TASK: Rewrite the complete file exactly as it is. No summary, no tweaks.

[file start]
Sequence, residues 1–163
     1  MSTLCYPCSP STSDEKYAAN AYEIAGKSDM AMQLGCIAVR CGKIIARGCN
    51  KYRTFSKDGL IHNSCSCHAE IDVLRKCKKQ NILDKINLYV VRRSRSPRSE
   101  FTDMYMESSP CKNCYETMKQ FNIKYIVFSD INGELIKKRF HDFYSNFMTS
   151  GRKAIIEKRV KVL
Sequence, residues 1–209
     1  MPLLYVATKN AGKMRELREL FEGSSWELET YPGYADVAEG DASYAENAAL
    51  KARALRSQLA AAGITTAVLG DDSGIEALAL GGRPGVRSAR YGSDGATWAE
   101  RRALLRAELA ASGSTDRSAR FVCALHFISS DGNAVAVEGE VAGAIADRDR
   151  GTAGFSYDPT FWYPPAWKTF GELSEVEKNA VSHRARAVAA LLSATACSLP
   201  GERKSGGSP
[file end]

Sequence, residues 1–163
     1  MSTLCYPCSP STSDEKYAAN AYEIAGKSDM AMQLGCIAVR CGKIIARGCN
    51  KYRTFSKDGL IHNSCSCHAE IDVLRKCKKQ NILDKINLYV VRRSRSPRSE
   101  FTDMYMESSP CKNCYETMKQ FNIKYIVFSD INGELIKKRF HDFYSNFMTS
   151  GRKAIIEKRV KVL
Sequence, residues 1–209
     1  MPLLYVATKN AGKMRELREL FEGSSWELET YPGYADVAEG DASYAENAAL
    51  KARALRSQLA AAGITTAVLG DDSGIEALAL GGRPGVRSAR YGSDGATWAE
   101  RRALLRAELA ASGSTDRSAR FVCALHFISS DGNAVAVEGE VAGAIADRDR
   151  GTAGFSYDPT FWYPPAWKTF GELSEVEKNA VSHRARAVAA LLSATACSLP
   201  GERKSGGSP